Normativity and Resilience in Translation and Culture
University of Warsaw
12-13 April 2019
Norms can be broadly defined as some kind of protection from change, a prescribed standard whose violation involves distortion and deformation, a transformation into something which the normal thing is not. Though derived from carpentry, the art of construction of rigid objects (norma is the Latin word for carpenter’s square), normativity has become a measure of things more evanescent than furniture – of ethical, social, aesthetic or political judgements, of certain cultural norms which may seem to be universal only given that they survive the test of being transferred, or translated, to other cultures. If, as Yuri Lotman noted in his Universe of the Mind (1990), “the elementary act of thinking is translation” (143), then translation can be viewed as a crucial activity involved in the formation of cultures along with their concepts, conceptualizations and norms. However, since translation, as a kind of dialogue, is inevitably asymmetrical and assumes only “a degree invariancy” (143), this degree seems to be an effect of culture’s resilience to the inadequacy and change involved in any kind of translation. Paradoxically, it is the change, the rupturing of the norm in and through translation which is a constitutive element of normativity. This “rupturing of the norm,” wrote Lotman, “is what builds up the image of the truly essential but unrealized norm” (90). Thus normativity is both a matter of representation and something which may be called a feature of the world, the latter possibility figuring as an unrealizable effect of broadly understood translation which simultaneously protects and disrupts it. Looking at the ideas of norm and normativity in culture in the context of translation we would like to think about various locations of what may be called normative ‘ought’ statements, sometimes implicitly dictating our choices of words and ideas; the quiet demands of discourse to a force to be reckoned within the realm of hegemonic ethics of and truths about the self” (53). One of the tasks of the conference is to attempt, at least provisionally, to locate the whereabouts of such ‘ought’ statements, the teachings of imaginary security and certainty consisting in the ability of jumping into prior shape.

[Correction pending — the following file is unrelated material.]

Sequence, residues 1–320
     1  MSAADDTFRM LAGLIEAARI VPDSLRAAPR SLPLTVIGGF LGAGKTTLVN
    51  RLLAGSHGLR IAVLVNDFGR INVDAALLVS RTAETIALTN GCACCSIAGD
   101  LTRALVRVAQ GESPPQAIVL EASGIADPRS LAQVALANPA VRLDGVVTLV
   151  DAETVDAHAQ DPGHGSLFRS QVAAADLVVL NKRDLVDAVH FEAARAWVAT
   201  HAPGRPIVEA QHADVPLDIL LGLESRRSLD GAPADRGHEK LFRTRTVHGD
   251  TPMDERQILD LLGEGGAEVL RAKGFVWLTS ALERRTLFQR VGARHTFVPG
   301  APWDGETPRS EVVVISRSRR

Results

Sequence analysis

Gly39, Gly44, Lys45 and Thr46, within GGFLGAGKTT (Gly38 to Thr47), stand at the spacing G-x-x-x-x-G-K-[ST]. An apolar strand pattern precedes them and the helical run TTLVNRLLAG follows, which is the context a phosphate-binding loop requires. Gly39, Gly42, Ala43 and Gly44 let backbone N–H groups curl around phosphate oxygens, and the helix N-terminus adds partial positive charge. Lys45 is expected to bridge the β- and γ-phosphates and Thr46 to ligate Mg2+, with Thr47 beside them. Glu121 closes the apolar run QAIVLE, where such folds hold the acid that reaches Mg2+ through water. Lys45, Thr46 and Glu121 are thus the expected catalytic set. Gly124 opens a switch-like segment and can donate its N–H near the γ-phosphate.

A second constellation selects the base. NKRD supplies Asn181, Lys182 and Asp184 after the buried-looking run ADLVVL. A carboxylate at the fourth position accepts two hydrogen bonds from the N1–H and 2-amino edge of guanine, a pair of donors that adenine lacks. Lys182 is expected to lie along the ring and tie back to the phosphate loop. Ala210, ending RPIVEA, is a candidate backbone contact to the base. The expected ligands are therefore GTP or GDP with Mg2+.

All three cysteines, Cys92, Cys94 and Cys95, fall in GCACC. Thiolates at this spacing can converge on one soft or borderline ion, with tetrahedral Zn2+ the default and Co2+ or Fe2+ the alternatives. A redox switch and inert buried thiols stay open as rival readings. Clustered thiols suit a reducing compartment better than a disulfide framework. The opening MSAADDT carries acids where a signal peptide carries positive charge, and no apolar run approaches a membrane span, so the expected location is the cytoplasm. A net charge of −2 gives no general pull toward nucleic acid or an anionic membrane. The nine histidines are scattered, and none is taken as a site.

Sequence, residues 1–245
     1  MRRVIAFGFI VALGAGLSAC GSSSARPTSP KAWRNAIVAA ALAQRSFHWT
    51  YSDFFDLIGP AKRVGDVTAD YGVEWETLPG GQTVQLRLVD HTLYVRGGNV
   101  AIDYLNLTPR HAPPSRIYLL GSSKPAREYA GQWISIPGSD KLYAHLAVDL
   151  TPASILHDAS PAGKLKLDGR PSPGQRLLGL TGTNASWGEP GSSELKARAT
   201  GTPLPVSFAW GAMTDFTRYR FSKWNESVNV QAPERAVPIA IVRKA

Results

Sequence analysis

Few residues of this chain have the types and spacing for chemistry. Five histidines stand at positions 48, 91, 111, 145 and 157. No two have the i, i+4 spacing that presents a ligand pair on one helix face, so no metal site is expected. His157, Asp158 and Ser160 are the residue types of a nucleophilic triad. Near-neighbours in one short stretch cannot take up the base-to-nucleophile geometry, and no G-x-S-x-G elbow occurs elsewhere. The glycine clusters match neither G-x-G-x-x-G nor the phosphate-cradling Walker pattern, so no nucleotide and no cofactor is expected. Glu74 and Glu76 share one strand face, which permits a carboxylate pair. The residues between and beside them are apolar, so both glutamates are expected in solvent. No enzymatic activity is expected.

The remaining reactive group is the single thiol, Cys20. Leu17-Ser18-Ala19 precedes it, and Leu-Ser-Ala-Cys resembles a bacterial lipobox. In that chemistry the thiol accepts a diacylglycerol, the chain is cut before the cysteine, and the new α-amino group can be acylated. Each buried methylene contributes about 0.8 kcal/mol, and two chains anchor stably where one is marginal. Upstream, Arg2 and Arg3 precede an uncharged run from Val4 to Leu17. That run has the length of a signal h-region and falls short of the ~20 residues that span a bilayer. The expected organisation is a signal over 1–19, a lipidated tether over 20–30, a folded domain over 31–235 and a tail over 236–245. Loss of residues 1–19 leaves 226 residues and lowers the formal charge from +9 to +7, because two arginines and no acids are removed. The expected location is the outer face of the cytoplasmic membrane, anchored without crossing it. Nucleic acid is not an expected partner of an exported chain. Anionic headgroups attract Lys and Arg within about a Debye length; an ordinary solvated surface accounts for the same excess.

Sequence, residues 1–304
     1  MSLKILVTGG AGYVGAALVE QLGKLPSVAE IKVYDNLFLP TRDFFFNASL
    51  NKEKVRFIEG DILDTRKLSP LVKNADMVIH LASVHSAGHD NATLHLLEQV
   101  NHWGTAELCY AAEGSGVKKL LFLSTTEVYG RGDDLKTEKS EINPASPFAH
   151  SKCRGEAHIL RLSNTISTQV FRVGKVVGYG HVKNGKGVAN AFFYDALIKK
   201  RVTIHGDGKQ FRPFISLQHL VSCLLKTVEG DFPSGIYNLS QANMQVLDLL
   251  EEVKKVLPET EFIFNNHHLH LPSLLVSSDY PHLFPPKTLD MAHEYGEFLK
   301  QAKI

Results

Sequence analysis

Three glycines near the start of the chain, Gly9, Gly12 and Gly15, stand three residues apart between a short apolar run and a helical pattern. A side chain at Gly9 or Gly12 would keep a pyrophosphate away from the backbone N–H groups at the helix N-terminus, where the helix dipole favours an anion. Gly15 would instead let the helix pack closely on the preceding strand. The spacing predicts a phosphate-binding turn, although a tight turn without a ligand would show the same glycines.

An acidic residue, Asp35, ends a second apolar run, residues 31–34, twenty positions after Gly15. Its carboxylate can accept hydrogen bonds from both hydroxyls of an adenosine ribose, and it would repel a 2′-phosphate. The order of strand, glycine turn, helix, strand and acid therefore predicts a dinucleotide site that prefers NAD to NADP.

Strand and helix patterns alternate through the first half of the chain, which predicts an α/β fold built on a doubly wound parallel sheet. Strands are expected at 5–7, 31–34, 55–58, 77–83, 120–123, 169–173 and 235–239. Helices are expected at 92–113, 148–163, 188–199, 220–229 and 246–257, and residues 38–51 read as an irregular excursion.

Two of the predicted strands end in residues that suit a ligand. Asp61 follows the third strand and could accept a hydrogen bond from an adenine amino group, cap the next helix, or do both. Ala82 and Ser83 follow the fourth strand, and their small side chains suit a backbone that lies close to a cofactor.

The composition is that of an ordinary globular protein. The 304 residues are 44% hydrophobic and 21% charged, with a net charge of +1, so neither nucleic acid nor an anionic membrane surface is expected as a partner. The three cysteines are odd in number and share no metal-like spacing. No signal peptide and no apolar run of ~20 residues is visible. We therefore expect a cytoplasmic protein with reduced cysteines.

We invite papers and presentations approaching the issues of translation, normativity and resilience from possibly broadest theoretical and methodological perspectives such as Translation Studies, Linguistics, Literary Criticism, Critical Theory, Cultural Studies, Feminist and Gender Studies, Queer Theory, Philosophy, Sociology, History of Ideas, Colonial and Postcolonial Studies …, realizing that a strictly single-disciplinary approach is nowadays hardly thinkable. We suggest the following, broad, thematic suggestions as a map showing a few orientation points of the conference:
retain norms despite various perturbations. The ‘ought’ statements of normativity, of retaining the norm, seem to be an important aspect of management of resistance whose significant function is, as Judith Butler claims in Vulnerability in Resistance, concealment of destitution (8). The ‘ought’ of resilience has become not only the desired good of neoliberalism, but also, as she puts it, “resilience as adaptation norm and nature normativity and originality normativity and creativity normalcy and creativity normative translation normativity and ethics norm and its others language of the norm normativity and meaning limits of normativity normal / accepted
rules / norms / idiosyncrasy
rules / norms / transgressions adherence / infringement / violation resilience / conformity
resilience / immunity
resilience vs. resistance
normative modification resilience and standardization resilience and empowerment resilience and retaliation
norm as domination
resilience and change prescriptive vs. normative normality and monstrosity resilience and adaptability resilience and plasticity resilience as vulnerability uncertainty and norm
control and resilience translation and adaptation translation and change cultures in translation resilience as recovery normativity, resilience, survival
- Keynote speakers:
Professor Tomasz Basiuk, University of Warsaw Professor Luise von Flotow, University of Ottawa Professor David Malcolm, University of Gdansk
- Proposals for 20-minute papers (ca 250 words) should be sent to firstname.lastname@example.org by 10 March 2019. We also encourage panel proposals comprised of 3 to 4 papers, and an additional 100-150 words explaining how they are interlinked in addressing the panel theme.
- Notification of acceptance will be sent by 15 March 2019.
- The deadline for registration and payment of the conference fee: 15 April 2019.
- Participants will be invited to submit extended versions of their presentations to be published in an edited volume.
The conference fee is 590 PLN | 140 EUR | 160 USD for all participants.
Conference organizers: Dr. Agnieszka Pantuchowicz, Dr. Anna Warso, Dr. Paulina Grzęda